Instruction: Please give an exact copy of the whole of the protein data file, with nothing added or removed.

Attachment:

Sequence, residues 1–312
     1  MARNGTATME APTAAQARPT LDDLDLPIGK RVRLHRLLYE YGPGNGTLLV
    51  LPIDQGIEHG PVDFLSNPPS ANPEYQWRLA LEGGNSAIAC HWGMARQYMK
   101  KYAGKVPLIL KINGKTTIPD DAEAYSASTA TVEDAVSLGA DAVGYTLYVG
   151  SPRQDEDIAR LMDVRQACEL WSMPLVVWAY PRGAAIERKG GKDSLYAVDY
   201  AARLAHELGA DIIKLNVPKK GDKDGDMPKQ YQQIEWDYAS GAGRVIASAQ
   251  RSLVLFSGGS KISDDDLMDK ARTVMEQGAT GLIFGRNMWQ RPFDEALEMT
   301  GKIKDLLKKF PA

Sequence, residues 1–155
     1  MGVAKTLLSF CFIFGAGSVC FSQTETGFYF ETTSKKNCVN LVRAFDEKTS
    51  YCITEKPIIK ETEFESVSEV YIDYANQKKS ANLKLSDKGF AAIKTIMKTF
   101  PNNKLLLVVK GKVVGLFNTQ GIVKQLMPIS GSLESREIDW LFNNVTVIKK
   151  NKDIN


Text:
Sequence, residues 1–312
     1  MARNGTATME APTAAQARPT LDDLDLPIGK RVRLHRLLYE YGPGNGTLLV
    51  LPIDQGIEHG PVDFLSNPPS ANPEYQWRLA LEGGNSAIAC HWGMARQYMK
   101  KYAGKVPLIL KINGKTTIPD DAEAYSASTA TVEDAVSLGA DAVGYTLYVG
   151  SPRQDEDIAR LMDVRQACEL WSMPLVVWAY PRGAAIERKG GKDSLYAVDY
   201  AARLAHELGA DIIKLNVPKK GDKDGDMPKQ YQQIEWDYAS GAGRVIASAQ
   251  RSLVLFSGGS KISDDDLMDK ARTVMEQGAT GLIFGRNMWQ RPFDEALEMT
   301  GKIKDLLKKF PA

Sequence, residues 1–155
     1  MGVAKTLLSF CFIFGAGSVC FSQTETGFYF ETTSKKNCVN LVRAFDEKTS
    51  YCITEKPIIK ETEFESVSEV YIDYANQKKS ANLKLSDKGF AAIKTIMKTF
   101  PNNKLLLVVK GKVVGLFNTQ GIVKQLMPIS GSLESREIDW LFNNVTVIKK
   151  NKDIN